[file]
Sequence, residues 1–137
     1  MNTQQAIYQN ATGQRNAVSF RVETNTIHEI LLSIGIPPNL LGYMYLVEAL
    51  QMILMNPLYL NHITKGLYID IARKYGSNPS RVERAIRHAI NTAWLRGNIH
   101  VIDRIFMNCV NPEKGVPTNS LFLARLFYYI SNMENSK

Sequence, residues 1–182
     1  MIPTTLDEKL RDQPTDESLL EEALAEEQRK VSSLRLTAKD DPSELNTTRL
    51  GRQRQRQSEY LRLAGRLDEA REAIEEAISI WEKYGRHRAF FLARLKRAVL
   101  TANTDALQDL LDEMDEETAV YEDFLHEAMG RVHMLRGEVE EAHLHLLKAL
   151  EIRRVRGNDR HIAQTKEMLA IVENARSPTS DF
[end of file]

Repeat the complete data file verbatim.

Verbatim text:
Sequence, residues 1–137
     1  MNTQQAIYQN ATGQRNAVSF RVETNTIHEI LLSIGIPPNL LGYMYLVEAL
    51  QMILMNPLYL NHITKGLYID IARKYGSNPS RVERAIRHAI NTAWLRGNIH
   101  VIDRIFMNCV NPEKGVPTNS LFLARLFYYI SNMENSK

Sequence, residues 1–182
     1  MIPTTLDEKL RDQPTDESLL EEALAEEQRK VSSLRLTAKD DPSELNTTRL
    51  GRQRQRQSEY LRLAGRLDEA REAIEEAISI WEKYGRHRAF FLARLKRAVL
   101  TANTDALQDL LDEMDEETAV YEDFLHEAMG RVHMLRGEVE EAHLHLLKAL
   151  EIRRVRGNDR HIAQTKEMLA IVENARSPTS DF